The Supreme Court said Mr. Oni was only looking for a ploy to return to office.
The Supreme Court, on Friday dismissed an appeal instituted by a former Ekiti State Governor, Segun Oni, seeking to upturn the decision of the Court of Appeal which removed him from office.
Mr. Oni of the Peoples Democratic Party, PDP, had appealed to the Supreme Court to revisit the judgement, saying that the Court of Appeal was biased in the judgement.
The former governor had capitalized on the crisis in the judiciary which resulted from the suspension of its President, Ayo Salami, by the National Judicial Council, NJC, to file the suit. Mr. Salami was accused of bias in the judgement which gave victory to Kayode Fayemi of the Action Congress of Nigeria, ACN.
Mr. Oni relied on Section 36 of the 1999 Constitution (amended) which guarantees right to fair hearing.
However, Mr. Fayemi opposed the appeal, insisting that the Court of Appeal was the final court of jurisdiction on governorship elections matters at the time the election was conducted in 2007.
Relying on Section 246 (3) of the Constitution, the governor urged the court to reject the invitation to meddle in an appeal that had been successfully concluded.
In a unanimous decision, the five-man panel of the Supreme Court concurred with Mr. Fayemi. It said the plan by Mr. Oni to lure it to exercise its authority by meddling in an appeal already decided by the Court of Appeal, which was the final court on governorship elections, was aimed at returning to Ekiti State Government.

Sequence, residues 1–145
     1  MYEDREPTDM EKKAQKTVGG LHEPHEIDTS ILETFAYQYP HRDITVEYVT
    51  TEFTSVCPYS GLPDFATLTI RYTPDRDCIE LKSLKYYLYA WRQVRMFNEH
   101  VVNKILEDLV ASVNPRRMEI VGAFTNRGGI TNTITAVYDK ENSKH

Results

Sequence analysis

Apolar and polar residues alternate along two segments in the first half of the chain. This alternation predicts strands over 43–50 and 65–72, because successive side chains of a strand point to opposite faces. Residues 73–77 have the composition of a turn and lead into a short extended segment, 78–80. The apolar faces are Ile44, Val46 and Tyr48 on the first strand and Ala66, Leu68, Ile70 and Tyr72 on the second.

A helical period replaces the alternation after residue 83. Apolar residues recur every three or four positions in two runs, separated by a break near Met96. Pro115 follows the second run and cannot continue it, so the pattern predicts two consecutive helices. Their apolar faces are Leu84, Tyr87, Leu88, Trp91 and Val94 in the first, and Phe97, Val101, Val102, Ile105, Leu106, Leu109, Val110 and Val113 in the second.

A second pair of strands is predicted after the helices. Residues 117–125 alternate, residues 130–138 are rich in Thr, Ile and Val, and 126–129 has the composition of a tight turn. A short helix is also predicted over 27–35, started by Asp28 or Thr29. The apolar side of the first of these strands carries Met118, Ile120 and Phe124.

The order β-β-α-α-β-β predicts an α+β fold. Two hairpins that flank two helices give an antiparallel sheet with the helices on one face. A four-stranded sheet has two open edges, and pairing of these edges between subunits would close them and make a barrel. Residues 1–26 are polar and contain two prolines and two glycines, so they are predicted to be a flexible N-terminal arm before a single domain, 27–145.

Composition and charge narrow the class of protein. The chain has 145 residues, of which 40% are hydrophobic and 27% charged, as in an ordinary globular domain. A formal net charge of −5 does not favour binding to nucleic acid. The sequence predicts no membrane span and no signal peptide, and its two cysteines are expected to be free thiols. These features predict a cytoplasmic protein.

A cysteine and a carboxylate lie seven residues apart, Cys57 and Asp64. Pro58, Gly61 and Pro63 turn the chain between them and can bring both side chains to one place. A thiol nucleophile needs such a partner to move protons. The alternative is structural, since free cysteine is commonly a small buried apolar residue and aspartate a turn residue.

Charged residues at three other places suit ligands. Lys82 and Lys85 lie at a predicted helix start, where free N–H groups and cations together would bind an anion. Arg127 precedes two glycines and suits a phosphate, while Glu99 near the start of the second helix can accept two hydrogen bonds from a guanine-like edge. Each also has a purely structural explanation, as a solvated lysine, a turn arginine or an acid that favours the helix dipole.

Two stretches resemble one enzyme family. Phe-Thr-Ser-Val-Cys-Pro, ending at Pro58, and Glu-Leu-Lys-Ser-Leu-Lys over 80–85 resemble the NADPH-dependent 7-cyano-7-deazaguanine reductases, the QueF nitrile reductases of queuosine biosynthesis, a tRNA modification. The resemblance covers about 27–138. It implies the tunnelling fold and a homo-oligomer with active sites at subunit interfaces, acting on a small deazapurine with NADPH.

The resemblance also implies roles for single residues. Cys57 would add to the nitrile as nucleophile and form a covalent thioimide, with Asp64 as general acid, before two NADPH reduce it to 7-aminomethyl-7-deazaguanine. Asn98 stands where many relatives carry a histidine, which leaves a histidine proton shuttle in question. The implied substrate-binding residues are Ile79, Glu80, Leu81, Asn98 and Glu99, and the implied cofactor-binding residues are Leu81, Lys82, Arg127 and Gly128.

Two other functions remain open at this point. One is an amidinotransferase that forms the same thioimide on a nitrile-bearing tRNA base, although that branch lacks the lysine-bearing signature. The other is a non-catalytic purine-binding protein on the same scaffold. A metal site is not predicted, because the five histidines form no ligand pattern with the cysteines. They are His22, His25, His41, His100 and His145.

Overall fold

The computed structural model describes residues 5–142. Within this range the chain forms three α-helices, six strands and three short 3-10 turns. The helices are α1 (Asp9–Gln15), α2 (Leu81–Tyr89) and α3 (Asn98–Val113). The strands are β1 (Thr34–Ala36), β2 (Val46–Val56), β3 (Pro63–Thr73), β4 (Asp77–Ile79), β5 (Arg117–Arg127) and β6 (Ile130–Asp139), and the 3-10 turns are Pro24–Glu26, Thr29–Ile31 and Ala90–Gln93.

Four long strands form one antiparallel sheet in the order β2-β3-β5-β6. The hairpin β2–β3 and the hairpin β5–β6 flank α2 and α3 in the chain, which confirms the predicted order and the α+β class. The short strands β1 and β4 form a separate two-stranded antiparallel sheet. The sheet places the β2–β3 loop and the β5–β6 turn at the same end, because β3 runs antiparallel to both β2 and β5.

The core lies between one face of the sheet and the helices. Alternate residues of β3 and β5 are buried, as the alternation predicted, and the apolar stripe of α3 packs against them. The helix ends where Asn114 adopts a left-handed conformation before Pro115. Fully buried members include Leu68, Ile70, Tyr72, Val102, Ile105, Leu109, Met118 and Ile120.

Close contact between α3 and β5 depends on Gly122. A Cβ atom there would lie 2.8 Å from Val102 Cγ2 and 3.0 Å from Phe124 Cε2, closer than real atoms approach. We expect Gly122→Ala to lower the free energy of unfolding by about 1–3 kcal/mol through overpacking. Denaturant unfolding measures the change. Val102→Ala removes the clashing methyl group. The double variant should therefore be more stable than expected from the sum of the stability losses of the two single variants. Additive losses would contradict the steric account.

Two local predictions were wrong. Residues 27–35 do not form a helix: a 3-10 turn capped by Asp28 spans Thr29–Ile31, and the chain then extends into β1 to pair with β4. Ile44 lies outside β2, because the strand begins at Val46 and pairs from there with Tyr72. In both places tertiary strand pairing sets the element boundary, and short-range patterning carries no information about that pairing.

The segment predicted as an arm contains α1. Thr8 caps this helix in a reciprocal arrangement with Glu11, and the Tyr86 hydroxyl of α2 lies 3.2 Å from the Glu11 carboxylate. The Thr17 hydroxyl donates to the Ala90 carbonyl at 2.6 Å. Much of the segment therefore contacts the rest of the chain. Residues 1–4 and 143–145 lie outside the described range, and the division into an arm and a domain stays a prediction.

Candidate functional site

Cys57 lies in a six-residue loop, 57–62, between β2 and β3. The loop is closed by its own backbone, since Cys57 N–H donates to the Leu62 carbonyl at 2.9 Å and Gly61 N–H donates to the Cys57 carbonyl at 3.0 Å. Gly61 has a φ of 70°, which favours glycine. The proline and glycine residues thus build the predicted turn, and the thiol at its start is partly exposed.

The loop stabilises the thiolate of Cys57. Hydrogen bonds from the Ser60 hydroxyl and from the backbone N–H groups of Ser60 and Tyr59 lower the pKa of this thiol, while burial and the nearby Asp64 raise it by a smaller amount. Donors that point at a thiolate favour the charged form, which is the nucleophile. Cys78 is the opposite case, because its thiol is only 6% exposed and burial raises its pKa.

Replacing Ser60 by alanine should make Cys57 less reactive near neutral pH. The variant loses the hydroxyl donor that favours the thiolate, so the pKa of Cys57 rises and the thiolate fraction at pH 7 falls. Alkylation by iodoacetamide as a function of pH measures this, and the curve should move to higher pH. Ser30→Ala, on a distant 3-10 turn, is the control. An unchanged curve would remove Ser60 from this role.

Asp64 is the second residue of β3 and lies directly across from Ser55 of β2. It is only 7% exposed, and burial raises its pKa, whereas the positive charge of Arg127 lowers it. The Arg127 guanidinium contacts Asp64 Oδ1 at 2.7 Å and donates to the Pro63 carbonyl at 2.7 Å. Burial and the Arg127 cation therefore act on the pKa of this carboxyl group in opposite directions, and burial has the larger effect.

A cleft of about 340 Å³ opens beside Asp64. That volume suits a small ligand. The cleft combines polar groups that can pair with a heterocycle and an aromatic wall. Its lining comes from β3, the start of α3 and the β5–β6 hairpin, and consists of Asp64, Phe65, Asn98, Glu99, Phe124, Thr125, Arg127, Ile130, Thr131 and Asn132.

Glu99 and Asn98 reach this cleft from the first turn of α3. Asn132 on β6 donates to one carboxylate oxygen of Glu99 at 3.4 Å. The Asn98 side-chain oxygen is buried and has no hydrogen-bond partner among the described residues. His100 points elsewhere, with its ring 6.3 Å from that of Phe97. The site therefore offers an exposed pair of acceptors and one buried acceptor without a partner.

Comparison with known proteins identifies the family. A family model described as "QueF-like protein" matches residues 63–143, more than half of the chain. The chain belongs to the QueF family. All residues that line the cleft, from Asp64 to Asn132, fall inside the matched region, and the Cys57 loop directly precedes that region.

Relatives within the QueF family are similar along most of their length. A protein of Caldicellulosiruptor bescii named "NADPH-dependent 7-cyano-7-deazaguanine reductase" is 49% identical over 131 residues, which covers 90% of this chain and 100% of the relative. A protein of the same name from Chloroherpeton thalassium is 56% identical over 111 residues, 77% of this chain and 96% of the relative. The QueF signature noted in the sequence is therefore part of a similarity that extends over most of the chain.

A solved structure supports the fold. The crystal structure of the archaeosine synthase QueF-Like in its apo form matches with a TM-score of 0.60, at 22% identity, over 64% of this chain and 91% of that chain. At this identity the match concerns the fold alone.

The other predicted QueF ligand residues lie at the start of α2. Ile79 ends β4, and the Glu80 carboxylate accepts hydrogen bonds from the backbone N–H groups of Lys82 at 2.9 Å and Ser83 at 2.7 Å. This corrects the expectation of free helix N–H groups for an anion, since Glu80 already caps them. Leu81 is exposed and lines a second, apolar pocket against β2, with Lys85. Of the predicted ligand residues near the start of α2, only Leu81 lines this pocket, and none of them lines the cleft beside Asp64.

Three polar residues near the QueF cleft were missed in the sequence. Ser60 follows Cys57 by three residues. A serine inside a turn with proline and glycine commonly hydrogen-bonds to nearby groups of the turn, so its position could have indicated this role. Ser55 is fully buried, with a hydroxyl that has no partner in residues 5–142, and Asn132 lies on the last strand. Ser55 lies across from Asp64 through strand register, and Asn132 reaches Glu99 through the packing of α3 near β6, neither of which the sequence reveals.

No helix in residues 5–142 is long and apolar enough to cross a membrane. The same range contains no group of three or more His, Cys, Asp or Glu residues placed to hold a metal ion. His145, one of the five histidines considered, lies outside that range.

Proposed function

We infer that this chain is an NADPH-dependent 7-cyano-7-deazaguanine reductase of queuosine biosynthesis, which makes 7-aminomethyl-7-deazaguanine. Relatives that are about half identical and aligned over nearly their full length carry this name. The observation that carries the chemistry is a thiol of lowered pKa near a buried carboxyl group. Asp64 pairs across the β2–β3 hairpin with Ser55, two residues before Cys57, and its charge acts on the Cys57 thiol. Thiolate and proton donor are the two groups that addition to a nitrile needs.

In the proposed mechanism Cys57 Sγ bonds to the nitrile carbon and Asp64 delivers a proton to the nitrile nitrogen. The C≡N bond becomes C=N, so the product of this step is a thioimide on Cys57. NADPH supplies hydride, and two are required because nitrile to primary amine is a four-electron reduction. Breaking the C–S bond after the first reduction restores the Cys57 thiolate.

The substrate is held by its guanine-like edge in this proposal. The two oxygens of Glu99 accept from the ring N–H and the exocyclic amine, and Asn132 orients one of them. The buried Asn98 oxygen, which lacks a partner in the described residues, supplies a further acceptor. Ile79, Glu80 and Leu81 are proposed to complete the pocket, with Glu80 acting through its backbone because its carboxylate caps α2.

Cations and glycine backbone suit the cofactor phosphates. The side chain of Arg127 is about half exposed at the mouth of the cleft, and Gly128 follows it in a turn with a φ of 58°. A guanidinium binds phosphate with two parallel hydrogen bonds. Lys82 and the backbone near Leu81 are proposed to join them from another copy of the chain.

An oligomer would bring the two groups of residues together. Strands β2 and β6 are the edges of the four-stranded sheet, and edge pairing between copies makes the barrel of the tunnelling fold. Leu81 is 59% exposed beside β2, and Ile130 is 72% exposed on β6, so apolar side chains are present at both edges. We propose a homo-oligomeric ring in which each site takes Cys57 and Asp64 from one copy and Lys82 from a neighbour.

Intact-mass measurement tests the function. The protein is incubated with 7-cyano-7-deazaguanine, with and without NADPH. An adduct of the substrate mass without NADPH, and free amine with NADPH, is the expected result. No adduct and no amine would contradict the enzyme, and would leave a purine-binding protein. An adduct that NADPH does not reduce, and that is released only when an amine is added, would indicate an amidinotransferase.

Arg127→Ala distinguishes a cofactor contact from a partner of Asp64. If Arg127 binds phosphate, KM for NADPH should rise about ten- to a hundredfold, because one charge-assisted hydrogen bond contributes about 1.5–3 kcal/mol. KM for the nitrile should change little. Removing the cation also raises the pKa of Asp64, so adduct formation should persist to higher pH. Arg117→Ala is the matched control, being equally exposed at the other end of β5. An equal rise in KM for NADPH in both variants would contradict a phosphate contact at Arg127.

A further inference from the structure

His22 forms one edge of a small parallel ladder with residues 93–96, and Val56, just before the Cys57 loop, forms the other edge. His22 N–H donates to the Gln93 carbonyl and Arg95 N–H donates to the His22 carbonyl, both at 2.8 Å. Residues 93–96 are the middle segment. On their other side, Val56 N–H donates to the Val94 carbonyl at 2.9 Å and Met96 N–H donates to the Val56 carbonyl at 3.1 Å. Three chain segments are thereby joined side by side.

Justice Sylvester Ngwuta, who read the judgement, said the matter had been adequately determined by the Court of Appeal and dismissed the suit filed by the former governor, saying that the appeal had nothing to do with Section 36 of the Constitution.
“This Supreme Court has no power or jurisdiction to entertain this appeal. We have consistently declined invitations to set aside decisions like this where the principle of separation of powers of our courts,” it said.
The Supreme Court also noted that the National Judicial Council, NJC, had thoroughly investigated Mr. Salami and other jurists and found nothing against them.
It also held that the issue before it was not whether the Court of Appeal violated section 36(1) in its decision sacking the former government but whether, in view of 246(3), it could exercise authority to interfere with the matter.
The court thereafter dismissed Mr. Oni’s appeal but made no order as to cost.
Reacting to judgement, Mr. Fayemi canvassed the setting up of Election Offences Commission, adding that if Mr. Oni had been prosecuted for committing electoral fraud in the state, he would not have approached the Supreme Court with frivolous appeal, which he said was aimed at the distracting the state government.
“Oni engaged in judicial frivolity and unfortunately, in Nigeria, there is no punishment for electoral frivolity,” Mr. Fayemi said.
“This decision reinforces the need for the establishment of Election Offences Commission to handle people like Oni for committing electoral fraud and wasting the time of people elected to serve Ekiti State.”
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